HyperKat Games Announces Mars Colony ETS Demo Release
Mars Colony ETS – Independent game developer, HyperKat Games, is excited to announce the immediate release of Mars Colony ETS public demonstration. Mars Colony ETS is the first virtual Mars exploration simulator, based on existing practical science, that puts the user into an immersive first person 3D graphics experience. The demo is available as a free download at Hyperkat.com.
Inspired by JPL’s Mars Rover projects and the proposals of entities such as The Mars Society for manned exploration of Mars, Mars Colony ETS hopes to bring realistic space exploration experiences to everyone. The first mission puts up to four people on the surface of Mars, with all of the basic tools of survival and specific goals to ensure the eventual successful colonization of our sister planet. While open ended, the primary tasks are to locate water, sustain life support systems, generate fuel and gather and catalog information on local exploitable resources. The simulation has an active weather system and Colonists are required to equip EVA gear to survive the hostile Mars environment while installing and managing external activities. Things break and successful Colonists must think creatively in juggling mission requirements while maintaining critical systems. Successful missions complete all or most of the mission parameters while generating sufficient fuel and oxygen to return to earth. Additional missions are under development and will include the addition of rovers, vehicles, food production and engineering.
Colony ETS is based on a client and server model, allowing for individuals to play solo or host up to four friends in collaborative play requiring a broadband Internet connection. Mission hosts can create private or public servers, accessible through server lists in game. Game status is persistent on the host server allowing for games to be played in single or multiple sessions. Completed missions are given a score and analysis of the completed mission parameters. Hosts can also reset the mission to replay.
While this demonstration is still conceptual, there is a lot of potential to influence the development, from academic to mainstream experiences. HyperKat needs your feedback and participation to help refine and steer the development toward the best possible experience. Please join us at HyperKat.com to provide feedback, opinions and participate in testing programs for new missions. Our special thanks to “thedubman” who has shared his tremendous enthusiasm and time in testing and providing great feedback, and to the rest of our wonderful testers who have logged hundreds of hours working out the bugs in Mission 1! We have a great community and would love you to join us!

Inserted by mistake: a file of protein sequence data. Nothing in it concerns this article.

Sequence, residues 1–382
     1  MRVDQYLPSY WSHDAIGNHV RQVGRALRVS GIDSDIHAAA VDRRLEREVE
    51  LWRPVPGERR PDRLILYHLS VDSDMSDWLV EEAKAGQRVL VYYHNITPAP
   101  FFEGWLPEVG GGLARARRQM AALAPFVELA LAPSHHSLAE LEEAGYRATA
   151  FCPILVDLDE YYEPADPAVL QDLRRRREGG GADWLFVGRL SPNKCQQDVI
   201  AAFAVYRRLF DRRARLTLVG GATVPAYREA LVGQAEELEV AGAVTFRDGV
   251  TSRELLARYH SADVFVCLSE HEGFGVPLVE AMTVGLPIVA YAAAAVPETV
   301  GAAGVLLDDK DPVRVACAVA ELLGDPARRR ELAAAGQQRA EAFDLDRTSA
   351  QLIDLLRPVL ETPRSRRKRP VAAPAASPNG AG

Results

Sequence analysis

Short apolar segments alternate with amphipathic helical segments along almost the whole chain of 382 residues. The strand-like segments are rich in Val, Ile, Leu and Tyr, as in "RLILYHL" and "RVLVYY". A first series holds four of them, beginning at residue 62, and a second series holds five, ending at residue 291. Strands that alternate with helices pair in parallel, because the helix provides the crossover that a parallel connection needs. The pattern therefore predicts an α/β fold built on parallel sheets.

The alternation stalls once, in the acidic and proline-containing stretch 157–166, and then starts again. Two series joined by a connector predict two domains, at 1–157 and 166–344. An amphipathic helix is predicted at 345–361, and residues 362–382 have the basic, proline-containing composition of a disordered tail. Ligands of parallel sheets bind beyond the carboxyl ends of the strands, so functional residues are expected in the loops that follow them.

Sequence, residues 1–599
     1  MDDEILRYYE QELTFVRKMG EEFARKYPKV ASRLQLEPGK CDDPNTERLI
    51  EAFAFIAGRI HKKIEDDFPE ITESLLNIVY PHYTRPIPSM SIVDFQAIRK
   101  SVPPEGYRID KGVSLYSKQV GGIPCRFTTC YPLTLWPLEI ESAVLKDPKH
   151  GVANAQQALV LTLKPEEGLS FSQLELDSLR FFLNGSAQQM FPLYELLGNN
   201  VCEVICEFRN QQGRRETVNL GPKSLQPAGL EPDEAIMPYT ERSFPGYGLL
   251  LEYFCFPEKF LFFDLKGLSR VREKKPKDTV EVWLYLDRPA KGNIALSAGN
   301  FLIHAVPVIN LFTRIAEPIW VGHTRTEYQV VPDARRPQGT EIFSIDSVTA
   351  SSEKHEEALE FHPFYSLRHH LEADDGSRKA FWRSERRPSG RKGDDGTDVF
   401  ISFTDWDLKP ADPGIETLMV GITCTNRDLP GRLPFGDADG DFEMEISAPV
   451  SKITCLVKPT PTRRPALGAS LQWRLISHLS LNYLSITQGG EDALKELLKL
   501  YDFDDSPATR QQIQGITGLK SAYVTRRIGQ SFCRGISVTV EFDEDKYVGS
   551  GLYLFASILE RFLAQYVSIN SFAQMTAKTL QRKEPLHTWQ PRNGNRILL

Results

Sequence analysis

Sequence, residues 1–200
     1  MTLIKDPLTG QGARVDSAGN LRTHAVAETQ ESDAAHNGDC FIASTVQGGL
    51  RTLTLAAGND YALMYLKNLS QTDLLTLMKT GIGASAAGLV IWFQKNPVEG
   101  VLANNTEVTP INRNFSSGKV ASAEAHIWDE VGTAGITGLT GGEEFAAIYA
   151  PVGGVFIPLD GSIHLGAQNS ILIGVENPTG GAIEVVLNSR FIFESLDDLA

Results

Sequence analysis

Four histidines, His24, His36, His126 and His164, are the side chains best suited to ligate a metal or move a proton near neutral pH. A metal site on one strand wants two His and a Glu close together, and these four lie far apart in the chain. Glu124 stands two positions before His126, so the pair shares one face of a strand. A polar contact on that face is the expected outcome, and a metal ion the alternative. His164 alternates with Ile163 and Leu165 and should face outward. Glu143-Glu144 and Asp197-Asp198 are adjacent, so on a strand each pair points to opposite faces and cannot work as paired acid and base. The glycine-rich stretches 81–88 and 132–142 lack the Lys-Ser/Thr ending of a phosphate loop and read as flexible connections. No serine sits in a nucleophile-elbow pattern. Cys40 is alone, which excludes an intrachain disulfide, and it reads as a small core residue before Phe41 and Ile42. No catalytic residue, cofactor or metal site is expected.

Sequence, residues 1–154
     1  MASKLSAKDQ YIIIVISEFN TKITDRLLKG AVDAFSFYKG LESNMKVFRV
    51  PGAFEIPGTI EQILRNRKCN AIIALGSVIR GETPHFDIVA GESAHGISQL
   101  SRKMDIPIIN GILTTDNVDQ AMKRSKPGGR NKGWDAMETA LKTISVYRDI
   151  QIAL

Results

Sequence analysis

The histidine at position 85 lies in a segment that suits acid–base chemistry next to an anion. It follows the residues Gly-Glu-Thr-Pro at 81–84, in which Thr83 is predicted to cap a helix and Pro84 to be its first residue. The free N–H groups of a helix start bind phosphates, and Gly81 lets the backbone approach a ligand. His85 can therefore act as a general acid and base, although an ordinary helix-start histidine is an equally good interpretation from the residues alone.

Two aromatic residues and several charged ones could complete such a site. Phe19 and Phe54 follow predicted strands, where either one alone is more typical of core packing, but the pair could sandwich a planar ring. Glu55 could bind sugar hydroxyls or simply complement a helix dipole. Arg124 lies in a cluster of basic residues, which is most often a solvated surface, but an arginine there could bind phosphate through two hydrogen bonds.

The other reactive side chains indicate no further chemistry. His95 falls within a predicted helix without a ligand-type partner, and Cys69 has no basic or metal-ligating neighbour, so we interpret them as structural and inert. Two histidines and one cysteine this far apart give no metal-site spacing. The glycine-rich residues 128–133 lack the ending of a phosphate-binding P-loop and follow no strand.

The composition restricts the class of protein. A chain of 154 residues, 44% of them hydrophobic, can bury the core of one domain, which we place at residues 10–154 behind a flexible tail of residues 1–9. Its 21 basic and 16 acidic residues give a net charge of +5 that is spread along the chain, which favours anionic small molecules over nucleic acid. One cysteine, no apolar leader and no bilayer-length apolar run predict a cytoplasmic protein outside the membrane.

Colony ETS information: www.hyperkat.com
Colony ETS blog: www.hyperkat.com/blog
Colony ETS Testers: www.hyperkat.com/litterbox
HyperKat Games was created 2003 by Howard Dortch to design, develop and distribute fun games for all ages. The company is located in an economically depressed area of Southern Ohio in hopes of providing local college students employment in the games industry.
Howard Dortch currently teaches game design at Shawnee State University in Portsmouth, Ohio. HyperKat is home to Mars Colony ETS, Virtual Rover Simulator, ScudBuster, SOF/Raiders and HyperXBall.
Company Site www.hyperkat.com
12/15/2012, 13:15 PHX
I found the remains of the Zeus Rover this morning while on a hike searching for new geologic samples. Since I have finally gotten the routine maintenance down to a couple of hours, and the fuel conversion is fully supplied, I decided to take on the extended sampling mission.
The Zeus Rover went silent several years past its prime and expected functionality, I think late 2009. It seemed that an unusual storm was heading into the area near the rover, and after the storm passed, no new signals were sent. Interestingly, the original Phoenix and Opportunity took on a special “life” at NASA and JPL, and were bestowed a kind of honorary status. My understanding is that I am to only recover a key memory module, and leave the wreckage intact, while carefully marking the spot.